Technical Insights > RF + Microwave

Smart Field Tests for Smarter Airports

2020-06-30  |  6 min read 

Air travel will get a facelift in the near future thanks to modern technologies like the Internet of Things (IoT) and 5G. Smart airports will improve passengers’ travel experiences and make operations more efficient. Improvements include almost-instant ticket issuance, automated security through facial recognition, upgraded services via robotics, and artificial intelligence (AI)-enhanced logistics. 

Airports are the most significant transportation infrastructure in many countries and the most critical component in the entire air transport industry. They are responsible for the takeoff, landing, and trip management of thousands of flights per day. To do this successfully, airports operate numerous modern electronic devices and monitoring networks that have to be maintained on a regular basis. In this blog, I will describe one important electronic system that keeps airports running smoothly — VOR / DME— and cover the basic field maintenance tests airport technicians perform on this system.

Very High Frequency Omnidirectional Range and Distance Measuring Equipment Systems

Better known as VOR and DME, these two systems work together as one system that maintains the aircraft on its flight path. Airports throughout the world use this joint system that involves beacon stations that transmit very high frequency (108 to 117.95 MHz) radio waves to moving aircraft and onboard VOR receivers, shown in Figure 1. VOR radio waves travel in straight lines and are not affected by weather conditions, making it very reliable in a variety of environments.

An illustration of a plane using a VOR system for navigation
Figure 1. An illustration of a plane using a VOR system for navigation

VOR provides general bearing guidance to an aircraft as it approaches an airport. The system uses an omnidirectional signal as its beacon, while an array of circularly arranged antennas transmit signals with distinctive phases. The phase difference between the master signal and the second signal indicates the aircraft’s bearing to the airport. VOR / DME, along with GPS, work together to provide directional information to the aircraft and measure the distance between the aircraft and the ground station so the aircraft can accurately identify its positioning. The VOR / DME system is one of the key equipment pieces for the safe operation of the airport — safeguarding the normal takeoff and landing of hundreds of flights every day.

Since successful airport operation depends on the VOR / DME system, airport equipment maintenance teams execute these routine tests to keep the system performance optimal:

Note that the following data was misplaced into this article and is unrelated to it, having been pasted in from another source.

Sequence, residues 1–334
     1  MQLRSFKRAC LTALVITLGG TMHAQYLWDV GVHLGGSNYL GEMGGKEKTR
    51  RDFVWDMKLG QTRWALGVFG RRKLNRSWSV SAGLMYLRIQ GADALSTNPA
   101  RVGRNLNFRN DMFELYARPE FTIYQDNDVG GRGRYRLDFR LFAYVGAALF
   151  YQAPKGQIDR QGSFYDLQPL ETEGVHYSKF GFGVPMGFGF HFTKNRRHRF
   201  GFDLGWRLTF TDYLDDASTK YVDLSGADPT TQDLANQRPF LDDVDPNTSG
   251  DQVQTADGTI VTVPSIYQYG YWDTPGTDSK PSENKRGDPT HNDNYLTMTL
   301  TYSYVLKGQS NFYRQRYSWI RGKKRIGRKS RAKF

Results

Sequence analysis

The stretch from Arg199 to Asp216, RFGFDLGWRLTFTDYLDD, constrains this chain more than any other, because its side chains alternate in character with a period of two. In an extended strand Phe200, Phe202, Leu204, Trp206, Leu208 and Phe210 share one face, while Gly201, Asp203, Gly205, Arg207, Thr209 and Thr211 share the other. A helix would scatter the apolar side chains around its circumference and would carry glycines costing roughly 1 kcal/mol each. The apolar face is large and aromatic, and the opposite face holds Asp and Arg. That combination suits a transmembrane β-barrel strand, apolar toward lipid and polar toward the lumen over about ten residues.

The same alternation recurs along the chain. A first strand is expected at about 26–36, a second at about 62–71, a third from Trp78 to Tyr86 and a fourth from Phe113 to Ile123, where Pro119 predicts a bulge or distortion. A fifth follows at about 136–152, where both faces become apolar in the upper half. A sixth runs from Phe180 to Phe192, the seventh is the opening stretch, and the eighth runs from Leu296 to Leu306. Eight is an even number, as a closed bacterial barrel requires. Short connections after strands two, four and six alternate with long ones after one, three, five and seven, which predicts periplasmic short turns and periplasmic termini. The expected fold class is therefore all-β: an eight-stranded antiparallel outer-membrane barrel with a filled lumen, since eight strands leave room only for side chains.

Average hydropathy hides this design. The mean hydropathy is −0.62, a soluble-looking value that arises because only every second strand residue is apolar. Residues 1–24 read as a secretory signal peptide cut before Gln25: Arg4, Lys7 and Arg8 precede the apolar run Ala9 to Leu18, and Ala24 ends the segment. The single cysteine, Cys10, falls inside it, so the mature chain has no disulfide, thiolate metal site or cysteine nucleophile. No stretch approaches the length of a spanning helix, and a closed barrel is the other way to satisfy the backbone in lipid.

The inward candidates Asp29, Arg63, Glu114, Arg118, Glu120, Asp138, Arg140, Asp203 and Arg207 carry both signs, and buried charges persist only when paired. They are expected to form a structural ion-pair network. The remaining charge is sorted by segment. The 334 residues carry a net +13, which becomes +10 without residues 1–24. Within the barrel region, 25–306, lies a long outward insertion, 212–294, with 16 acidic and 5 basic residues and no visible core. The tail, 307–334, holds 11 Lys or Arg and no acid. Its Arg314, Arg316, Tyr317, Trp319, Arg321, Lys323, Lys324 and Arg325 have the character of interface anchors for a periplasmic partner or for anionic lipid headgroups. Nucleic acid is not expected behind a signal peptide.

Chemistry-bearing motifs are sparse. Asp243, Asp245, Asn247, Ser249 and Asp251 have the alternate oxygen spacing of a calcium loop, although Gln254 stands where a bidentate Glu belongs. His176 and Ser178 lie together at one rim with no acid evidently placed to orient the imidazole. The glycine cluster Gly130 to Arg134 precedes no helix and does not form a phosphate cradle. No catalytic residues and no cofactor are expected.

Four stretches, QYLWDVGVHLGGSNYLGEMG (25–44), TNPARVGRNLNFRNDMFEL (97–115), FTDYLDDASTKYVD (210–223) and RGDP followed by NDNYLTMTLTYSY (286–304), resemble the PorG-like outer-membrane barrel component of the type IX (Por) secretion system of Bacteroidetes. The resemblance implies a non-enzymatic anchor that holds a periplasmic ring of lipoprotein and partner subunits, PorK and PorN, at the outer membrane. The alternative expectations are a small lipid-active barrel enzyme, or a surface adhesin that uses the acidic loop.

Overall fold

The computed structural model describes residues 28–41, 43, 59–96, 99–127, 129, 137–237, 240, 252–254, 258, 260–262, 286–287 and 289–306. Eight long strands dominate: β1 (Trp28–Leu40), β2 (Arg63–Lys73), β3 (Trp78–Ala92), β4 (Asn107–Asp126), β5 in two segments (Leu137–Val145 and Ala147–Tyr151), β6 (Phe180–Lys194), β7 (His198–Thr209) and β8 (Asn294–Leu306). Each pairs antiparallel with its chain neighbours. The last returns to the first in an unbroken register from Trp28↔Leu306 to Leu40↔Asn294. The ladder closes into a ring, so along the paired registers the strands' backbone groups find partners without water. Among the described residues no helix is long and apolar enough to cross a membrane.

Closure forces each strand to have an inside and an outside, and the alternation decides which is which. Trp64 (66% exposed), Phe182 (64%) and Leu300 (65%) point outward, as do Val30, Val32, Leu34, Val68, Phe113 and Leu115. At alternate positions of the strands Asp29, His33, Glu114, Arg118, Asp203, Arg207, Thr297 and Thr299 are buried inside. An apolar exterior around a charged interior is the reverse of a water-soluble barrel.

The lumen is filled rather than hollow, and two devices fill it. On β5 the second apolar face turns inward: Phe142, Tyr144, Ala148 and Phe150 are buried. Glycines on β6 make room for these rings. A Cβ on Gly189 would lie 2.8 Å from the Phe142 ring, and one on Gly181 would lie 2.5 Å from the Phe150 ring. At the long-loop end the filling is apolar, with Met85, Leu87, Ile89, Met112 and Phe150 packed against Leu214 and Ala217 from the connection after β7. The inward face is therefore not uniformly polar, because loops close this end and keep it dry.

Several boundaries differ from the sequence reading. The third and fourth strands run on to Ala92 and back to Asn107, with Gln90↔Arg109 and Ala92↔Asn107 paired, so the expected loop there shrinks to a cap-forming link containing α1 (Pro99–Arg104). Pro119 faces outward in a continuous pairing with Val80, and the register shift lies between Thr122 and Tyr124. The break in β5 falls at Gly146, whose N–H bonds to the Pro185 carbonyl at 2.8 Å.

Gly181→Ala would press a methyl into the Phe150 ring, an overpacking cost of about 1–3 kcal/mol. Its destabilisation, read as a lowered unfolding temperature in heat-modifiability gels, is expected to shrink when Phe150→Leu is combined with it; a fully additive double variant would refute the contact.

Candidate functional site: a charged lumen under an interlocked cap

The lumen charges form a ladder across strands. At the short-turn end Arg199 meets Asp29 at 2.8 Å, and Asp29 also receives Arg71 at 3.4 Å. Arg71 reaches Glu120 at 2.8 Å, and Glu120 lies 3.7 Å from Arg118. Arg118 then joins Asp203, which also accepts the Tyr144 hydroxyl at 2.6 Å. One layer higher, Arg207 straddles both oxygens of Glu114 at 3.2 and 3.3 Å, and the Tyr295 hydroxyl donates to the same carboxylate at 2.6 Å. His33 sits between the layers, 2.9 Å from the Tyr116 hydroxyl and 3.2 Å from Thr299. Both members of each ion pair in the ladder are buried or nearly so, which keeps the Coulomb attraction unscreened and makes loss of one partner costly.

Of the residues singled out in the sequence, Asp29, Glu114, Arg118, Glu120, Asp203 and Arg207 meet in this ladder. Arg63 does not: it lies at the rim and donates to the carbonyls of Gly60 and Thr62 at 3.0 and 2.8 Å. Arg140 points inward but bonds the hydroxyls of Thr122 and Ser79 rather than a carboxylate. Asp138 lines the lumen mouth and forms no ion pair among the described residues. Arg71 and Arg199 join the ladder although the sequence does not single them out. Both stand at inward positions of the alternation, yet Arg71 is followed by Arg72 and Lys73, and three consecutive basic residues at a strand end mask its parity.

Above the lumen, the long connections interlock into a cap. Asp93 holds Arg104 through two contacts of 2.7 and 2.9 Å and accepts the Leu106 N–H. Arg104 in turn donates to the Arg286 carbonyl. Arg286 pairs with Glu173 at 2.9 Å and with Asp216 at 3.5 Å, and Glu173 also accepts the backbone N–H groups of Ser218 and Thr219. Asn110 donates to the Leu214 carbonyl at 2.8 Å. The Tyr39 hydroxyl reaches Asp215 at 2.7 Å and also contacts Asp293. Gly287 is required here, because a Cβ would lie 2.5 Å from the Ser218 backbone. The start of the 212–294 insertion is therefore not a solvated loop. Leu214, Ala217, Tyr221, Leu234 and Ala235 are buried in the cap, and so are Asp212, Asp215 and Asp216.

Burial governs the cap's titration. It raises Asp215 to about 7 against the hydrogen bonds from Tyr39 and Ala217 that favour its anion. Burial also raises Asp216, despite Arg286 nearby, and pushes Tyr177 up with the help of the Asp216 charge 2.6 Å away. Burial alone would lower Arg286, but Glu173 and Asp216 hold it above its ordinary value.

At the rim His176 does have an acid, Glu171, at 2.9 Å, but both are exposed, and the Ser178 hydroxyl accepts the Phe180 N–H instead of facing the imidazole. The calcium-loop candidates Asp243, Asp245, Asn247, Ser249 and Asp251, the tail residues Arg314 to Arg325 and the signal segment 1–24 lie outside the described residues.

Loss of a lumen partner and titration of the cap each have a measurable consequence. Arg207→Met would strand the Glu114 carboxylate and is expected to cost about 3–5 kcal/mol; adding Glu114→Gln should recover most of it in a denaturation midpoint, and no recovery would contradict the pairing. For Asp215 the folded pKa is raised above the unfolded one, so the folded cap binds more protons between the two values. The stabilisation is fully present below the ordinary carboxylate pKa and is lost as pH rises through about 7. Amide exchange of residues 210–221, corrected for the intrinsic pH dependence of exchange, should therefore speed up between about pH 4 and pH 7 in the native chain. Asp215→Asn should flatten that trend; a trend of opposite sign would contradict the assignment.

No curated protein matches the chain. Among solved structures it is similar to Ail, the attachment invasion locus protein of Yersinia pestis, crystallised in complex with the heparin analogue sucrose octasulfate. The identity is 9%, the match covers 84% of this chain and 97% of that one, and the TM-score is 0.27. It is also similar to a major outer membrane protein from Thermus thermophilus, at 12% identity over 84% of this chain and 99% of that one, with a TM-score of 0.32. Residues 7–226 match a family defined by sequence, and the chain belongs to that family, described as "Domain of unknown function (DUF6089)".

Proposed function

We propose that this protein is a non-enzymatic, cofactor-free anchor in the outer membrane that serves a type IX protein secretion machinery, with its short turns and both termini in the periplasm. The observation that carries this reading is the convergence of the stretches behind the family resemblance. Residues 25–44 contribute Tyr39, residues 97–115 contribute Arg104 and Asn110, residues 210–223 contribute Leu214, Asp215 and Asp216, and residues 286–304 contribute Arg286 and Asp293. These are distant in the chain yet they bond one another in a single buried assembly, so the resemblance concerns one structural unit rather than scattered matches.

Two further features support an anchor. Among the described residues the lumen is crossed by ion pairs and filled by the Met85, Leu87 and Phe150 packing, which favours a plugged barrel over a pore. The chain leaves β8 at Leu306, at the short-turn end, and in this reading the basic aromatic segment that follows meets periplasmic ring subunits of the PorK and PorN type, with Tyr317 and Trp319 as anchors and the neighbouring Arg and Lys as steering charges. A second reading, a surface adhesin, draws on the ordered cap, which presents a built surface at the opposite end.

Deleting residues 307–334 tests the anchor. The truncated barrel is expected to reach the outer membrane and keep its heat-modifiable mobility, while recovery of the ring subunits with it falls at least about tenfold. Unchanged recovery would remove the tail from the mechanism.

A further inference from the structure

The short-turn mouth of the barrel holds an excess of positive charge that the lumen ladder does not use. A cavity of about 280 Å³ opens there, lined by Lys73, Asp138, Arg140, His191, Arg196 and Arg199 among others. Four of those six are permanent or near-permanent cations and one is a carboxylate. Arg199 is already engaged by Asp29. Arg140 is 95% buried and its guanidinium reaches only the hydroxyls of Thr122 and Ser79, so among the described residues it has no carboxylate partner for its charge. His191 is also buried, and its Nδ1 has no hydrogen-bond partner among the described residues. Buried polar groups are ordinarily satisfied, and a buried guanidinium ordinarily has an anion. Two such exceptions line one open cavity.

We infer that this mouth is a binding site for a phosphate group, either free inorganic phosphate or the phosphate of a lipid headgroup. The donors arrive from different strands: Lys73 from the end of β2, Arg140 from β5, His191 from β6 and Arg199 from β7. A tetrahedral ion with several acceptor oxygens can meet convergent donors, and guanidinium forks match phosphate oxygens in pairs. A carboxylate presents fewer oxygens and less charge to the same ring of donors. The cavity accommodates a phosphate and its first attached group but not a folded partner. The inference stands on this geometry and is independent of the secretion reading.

• antenna and cable measurements – return loss, fault location identification, and cable loss during transmission
  • vector network analysis – insertion loss and phase length
  • radar transmitter / DME pulse power measurements (Figure 2.)
Figure 2. Radar pulse measurements made using Keysight’s FieldFox handheld analyzer and peak power sensor

Field Assurance Testing for Airports and Air Traffic Control Systems

Keysight’s FieldFox handheld analyzer plays a vital role in field testing for the air transport industry. Because FieldFox has over twenty RF measurement functions packed into a portable unit, airport maintenance personnel only carry one instrument with them when performing routine tests on systems. Its ability to perform multiple tests — including cable and antenna analysis, spectrum analysis, vector network analysis, pulse power measurement, and more — improves testing efficiency and lowers the cost of maintenance since users don’t have to buy several pieces of equipment.

When characterizing radar pulses at higher frequencies as a function of time, FieldFox also pairs with a USB peak power sensor to accurately measure signals above its maximum frequency. For example, if you need to measure a 53 GHz repeating monopulse, a 26.5 GHz FieldFox can act as the controller of a 53 GHz USB peak power sensor, shown in Figure 4. This frequency extension capability along with user-installable measurement software makes FieldFox a versatile instrument that grows and adapts with the needs of the air transport industry.

 

Figure 3. Keysight’s FieldFox paired with a 50 / 53 GHz USB peak power sensor

Conclusion

Airports Council International predicts global airport traffic will double by 2031. This increase in air traffic will prompt the construction of new airports plus upgrades and expansions to current airports. Service engineer teams responsible for field testing equipment in airports will have to plan for this new era of smart aviation. Keysight’s FieldFox handheld analyzers are solutions capable of testing current and future technologies, making field maintenance more efficient for smart airports.

The VOR / DME system is just one of several vital electronic systems that the air transport industry relies on for successful operation. Learn more about field testing the Instrument Landing System (ILS) and electromagnetic environment of an airport in the whitepaper, “Smarter Airports: Field Assurance for Airports and Air Traffic Control Systems.”

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